4 open-source trends to watch in 2010 and beyond

Tue, 2010/03/02

4 open-source trends to watch in 2010 and beyond

During the first decade of the 2000s, open-source software (OSS) proved its value as a cost-effective and reliable alternative to commercial software in many parts of the enterprise. As a result, OSS is primed for explosive growth in 2010 and beyond.

OSS started 2000 as an emerging contender in the enterprise software market, used only in a few corners of the average organisation’s IT infrastructure. What a difference 10 years makes!

Today, you’ll find OSS solutions running mission-critical functions in businesses of all sizes. Looking ahead to the next decade, we’re expecting OSS to continue its relentless growth and move into parts of the IT infrastructure that have been dominated by commercial software offerings to date. What follows is a few trends that I expect to see in the years ahead – from 2010 and beyond.

Confidence in OSS grows post-recession

Last year proved to be a watershed year for OSS in South Africa and many other parts of the world. Tough economic conditions prompted many organisations to look at alternatives to proprietary software for the first time. Others that already had positive experiences with Linux and with open-source Web server platforms are expanding their use of OSS.

Even though we are starting to move into more positive economic territory in the early part of 2010, I’m expecting to see growth of OSS follow the trajectory it did in 2009. Many organisations have realised that there are open-source solutions that can do the same job as expensive proprietary solutions at a lower cost and with no compromise to reliability or performance.

Open-source virtualisation solutions begin to blossom

Today, many enterprises are looking towards major commercial software vendors such as Microsoft for server virtualisation solutions. But in reality, many of these solutions have at least some open-source technology under their bonnets.

We’re expecting to see many of the Linux players, like Red Hat, stake a claim on the virtualisation market during 2010 and beyond, providing a formidable challenge to the vendors that currently dominate the space and giving customers credible and cost-effective new alternatives. These open-source virtualisation solutions come to market with proven security, performance, scalability and cost advantages.

OSS branches into more parts of the enterprise

OSS has proven its value in many parts of the enterprise already – many users already depend on the Linux operating system, Firefox Web browser, and Apache Web Server during their day to day working lives for example. In the next phase of its development, I expect to see OSS become popular for more complex, less commoditised applications such as enterprise resource planning, customer relationship management and even business intelligence.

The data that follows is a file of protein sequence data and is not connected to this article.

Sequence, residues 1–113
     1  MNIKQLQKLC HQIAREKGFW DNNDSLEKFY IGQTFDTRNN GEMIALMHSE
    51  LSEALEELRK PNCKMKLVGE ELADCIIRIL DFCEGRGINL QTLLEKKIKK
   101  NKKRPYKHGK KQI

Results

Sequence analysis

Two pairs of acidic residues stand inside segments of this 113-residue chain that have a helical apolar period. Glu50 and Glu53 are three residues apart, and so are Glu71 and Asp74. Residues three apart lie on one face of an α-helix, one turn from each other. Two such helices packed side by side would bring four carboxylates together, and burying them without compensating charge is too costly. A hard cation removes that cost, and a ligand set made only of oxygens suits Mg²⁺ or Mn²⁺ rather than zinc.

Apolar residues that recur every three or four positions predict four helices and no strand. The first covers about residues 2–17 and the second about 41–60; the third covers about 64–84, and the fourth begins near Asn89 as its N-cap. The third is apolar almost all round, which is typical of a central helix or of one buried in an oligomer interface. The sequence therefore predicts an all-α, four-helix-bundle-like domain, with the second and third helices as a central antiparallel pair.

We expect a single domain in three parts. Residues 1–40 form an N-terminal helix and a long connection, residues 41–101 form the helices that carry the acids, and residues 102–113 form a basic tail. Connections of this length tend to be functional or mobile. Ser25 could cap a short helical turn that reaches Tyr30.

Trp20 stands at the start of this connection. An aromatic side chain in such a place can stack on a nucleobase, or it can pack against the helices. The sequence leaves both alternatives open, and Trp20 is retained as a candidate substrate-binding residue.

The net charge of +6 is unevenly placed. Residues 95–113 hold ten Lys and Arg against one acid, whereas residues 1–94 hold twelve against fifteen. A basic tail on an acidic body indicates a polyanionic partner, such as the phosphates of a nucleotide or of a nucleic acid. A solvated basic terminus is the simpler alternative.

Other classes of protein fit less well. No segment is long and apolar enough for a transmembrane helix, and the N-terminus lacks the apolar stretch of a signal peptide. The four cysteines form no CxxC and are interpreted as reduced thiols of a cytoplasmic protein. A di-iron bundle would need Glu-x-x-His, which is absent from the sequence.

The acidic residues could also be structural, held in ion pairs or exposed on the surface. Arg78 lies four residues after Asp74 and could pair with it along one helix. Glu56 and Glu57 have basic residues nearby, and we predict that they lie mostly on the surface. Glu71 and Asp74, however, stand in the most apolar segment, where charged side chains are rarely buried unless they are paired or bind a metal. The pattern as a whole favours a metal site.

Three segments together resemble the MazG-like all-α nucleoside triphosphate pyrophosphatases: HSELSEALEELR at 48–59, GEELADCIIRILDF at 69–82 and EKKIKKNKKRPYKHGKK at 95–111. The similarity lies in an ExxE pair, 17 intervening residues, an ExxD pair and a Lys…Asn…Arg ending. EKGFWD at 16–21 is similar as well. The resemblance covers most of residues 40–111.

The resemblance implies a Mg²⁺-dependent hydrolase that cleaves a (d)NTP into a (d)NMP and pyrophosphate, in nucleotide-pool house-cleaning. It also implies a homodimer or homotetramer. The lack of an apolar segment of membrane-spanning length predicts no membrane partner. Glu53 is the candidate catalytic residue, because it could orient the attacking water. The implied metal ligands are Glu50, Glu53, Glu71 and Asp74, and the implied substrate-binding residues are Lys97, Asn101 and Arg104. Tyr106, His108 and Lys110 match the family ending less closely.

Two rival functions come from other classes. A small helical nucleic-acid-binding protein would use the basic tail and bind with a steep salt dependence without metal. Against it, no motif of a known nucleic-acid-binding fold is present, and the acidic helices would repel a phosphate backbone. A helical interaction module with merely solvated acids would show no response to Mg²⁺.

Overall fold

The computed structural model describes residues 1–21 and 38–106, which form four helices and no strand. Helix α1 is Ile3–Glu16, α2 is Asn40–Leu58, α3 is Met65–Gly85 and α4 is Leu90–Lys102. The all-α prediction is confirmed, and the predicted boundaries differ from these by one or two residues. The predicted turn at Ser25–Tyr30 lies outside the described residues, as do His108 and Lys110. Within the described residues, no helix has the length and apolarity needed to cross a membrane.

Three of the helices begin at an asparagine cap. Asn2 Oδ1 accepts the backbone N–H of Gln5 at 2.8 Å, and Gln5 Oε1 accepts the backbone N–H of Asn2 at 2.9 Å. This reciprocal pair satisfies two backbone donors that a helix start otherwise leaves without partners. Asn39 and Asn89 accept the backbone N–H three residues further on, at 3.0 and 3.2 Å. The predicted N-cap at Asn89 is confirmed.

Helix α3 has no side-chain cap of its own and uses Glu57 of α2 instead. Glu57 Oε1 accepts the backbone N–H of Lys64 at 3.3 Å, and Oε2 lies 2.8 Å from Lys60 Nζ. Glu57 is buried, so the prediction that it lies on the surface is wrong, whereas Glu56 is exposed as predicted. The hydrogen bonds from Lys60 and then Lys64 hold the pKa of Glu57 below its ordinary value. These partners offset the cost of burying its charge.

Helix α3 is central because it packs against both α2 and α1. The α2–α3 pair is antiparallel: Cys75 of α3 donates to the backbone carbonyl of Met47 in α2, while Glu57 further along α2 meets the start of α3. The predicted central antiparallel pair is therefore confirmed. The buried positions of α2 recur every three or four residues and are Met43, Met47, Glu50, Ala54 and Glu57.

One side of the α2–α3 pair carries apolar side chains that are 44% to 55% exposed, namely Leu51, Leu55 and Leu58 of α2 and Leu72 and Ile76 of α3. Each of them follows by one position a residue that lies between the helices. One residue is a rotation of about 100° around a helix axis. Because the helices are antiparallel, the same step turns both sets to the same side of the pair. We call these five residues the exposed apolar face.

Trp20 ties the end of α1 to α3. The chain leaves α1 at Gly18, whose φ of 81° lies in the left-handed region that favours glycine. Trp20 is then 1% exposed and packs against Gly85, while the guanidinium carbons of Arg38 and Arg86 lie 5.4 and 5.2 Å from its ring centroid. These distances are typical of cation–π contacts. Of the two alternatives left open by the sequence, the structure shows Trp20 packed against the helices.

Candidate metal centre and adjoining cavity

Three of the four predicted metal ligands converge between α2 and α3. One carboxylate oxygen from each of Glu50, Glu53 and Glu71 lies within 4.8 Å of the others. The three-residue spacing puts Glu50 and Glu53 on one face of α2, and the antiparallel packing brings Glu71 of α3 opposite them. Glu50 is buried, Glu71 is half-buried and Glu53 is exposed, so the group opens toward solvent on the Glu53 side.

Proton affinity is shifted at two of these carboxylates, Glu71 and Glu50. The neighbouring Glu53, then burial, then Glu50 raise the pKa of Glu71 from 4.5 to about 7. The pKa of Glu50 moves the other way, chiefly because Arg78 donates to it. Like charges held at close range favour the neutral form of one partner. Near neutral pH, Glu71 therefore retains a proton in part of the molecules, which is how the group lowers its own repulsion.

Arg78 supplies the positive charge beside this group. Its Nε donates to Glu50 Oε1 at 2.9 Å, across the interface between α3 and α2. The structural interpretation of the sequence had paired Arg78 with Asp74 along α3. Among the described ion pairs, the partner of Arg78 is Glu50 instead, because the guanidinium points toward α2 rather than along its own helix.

As companies grow more comfortable with OSS, so they’ll see potential to use it more areas of the business. We’re already seeing growing adoption of applications such as the Zimbra collaboration platform, which some companies with tens of thousands of users rely on for email and calendaring functions.

And Gartner research shows that open-source business intelligence tools are becoming a mainstream deployment option for all kinds of usage, with price-conscious midsize companies and government in particular embracing them.

Cloud computing has silver lining for OSS  
Some analysts have suggested that cloud computing – the consumption of software functions in an on-demand model across the Web – is stealing OSS’s thunder. In reality, OSS will be the technology that will power clouding computing into the future. Many of OSS's benefits - rapid development, support for industry standards, vendor neutrality, and avoidance of vendor lock-in - are especially important in the cloud computing environment.

Companies that already provide cloud computing services – Google, for example - make extensive use of OSS in their IT infrastructures. And most of the major OSS vendors and working groups are positioning themselves to play a major role in the new cloud computing world.

During the last decade, OSS moved from an underground movement into a mainstream business philosophy. It is clear that over the next year, indeed, the next 10 years, it will continue to be an engine for innovation and a major part of the software industry, even as new paradigms such as cloud computing begin to change the way that businesses consume their software.